The research looked at some members of Business Coalitions for Workplace Gender Equality in Indonesia, the Philippines, Myanmar and Vietnam. These coalitions are led by large firms that have identified the importance of gender equality to driving business outcomes. In conjunction with global advisory, data analytics, and research firm IDinsight, Investing in Women conducted a study in seven firms, looking at company policies, culture and attitudes towards change.
The study looked at recruitment policies and their attempts to address unconscious bias by using gender sensitive language and visuals in job ads and ensuring that both men and women sit on recruitment panels.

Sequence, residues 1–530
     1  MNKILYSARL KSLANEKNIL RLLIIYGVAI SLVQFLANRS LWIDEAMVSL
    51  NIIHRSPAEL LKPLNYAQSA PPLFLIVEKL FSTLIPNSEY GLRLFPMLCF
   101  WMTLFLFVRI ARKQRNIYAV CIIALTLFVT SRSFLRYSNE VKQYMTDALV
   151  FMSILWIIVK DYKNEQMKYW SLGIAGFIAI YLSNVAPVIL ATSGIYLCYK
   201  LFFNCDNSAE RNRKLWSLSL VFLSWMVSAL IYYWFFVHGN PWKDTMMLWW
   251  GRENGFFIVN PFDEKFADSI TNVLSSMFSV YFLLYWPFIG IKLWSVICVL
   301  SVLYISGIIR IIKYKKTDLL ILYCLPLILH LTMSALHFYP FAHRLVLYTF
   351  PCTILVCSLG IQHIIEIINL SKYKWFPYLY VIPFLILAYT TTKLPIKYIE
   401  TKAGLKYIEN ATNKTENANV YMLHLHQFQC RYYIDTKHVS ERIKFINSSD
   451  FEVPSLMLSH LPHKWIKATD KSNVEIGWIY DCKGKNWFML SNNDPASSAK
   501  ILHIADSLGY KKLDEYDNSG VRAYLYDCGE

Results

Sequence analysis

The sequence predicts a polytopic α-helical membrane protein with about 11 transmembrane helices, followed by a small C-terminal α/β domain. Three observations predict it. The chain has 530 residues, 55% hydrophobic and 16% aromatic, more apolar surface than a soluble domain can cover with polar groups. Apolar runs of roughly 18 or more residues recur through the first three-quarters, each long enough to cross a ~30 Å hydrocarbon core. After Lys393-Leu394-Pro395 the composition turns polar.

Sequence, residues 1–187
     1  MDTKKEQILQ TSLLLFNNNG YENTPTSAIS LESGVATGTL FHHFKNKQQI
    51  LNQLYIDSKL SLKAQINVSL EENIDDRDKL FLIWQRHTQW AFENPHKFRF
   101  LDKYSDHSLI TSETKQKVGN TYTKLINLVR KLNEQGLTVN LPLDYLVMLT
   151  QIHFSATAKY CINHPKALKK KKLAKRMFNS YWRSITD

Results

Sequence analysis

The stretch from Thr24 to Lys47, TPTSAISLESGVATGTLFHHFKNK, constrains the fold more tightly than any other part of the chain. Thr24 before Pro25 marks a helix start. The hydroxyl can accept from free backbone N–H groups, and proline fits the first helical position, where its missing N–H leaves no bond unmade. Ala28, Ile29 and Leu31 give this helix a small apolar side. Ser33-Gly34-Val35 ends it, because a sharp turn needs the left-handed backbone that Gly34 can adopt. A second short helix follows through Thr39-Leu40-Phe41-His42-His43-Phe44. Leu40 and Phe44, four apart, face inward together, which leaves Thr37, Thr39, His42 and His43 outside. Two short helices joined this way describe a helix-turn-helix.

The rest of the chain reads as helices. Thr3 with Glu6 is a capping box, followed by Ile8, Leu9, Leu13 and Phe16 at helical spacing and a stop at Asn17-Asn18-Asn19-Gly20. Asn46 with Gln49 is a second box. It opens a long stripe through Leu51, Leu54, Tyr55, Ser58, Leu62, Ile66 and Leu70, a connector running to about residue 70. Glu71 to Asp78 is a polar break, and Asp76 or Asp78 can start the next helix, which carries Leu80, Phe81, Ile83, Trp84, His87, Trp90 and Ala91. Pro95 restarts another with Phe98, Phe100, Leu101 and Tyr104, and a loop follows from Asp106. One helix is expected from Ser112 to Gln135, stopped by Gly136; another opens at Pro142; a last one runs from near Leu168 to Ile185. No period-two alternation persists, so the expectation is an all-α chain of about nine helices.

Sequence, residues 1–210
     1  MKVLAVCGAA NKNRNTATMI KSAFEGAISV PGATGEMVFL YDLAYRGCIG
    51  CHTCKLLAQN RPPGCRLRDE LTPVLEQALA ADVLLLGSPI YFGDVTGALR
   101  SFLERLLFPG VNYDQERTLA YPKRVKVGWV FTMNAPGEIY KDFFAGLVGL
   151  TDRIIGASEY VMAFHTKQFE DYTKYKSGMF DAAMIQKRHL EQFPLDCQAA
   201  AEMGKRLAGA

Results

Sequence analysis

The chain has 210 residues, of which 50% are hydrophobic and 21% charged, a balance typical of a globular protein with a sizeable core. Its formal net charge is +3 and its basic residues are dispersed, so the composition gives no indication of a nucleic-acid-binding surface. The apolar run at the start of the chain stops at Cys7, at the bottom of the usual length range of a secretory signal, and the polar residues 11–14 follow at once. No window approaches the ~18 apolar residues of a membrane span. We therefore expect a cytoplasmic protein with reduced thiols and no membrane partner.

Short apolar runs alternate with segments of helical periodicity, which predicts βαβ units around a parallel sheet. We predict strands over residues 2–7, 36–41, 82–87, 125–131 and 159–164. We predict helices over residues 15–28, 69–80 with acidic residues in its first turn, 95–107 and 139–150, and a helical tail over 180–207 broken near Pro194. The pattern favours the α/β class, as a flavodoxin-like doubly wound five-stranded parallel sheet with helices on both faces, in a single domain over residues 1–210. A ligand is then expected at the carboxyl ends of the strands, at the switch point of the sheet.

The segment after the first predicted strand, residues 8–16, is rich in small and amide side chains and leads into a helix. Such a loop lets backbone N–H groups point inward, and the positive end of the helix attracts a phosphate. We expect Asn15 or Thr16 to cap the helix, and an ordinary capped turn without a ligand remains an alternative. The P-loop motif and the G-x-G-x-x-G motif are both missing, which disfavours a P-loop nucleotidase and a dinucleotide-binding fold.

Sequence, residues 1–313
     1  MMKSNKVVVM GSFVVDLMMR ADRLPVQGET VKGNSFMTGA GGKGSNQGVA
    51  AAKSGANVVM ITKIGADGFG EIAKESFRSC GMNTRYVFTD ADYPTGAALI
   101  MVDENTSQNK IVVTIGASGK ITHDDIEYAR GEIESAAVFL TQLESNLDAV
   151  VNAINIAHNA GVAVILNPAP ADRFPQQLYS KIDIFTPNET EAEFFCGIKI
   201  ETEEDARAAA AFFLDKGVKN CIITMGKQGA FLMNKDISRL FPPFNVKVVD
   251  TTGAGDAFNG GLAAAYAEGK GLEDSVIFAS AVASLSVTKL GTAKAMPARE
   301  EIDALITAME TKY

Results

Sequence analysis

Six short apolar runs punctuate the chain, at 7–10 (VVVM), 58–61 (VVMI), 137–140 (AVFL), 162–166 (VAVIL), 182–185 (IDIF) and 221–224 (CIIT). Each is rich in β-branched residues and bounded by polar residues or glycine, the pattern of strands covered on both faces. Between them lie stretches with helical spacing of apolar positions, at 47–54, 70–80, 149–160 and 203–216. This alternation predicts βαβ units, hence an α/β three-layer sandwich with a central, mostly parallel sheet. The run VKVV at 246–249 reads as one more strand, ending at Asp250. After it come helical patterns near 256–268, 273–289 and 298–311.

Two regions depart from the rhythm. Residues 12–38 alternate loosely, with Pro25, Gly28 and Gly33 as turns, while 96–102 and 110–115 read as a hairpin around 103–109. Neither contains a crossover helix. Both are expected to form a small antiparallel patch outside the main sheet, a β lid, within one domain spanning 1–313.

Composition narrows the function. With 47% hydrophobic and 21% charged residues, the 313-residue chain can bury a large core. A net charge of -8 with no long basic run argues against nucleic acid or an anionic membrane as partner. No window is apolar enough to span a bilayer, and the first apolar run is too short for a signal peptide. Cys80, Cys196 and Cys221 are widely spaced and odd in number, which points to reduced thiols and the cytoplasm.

It also examined policies that enable women to enter leadership positions. Across the seven firms, staff reported that women have equal access to promotions and professional development opportunities – they referred to non-discrimination policies as evidence.
It looked at how flexible work policies could foster career success while managing responsibilities at home. Several companies were planning to introduce a menu of flexible work options based on the specific needs of their employees.
However, despite their best efforts, we observed that gender norms and company culture were still limiting women’s professional advancement – and that staff were largely satisfied with the status quo.
Employees interviewed often perceived that it was “natural” for some positions to be predominantly filled by men, and others by women, as certain characteristics were seen to be inherent of each gender.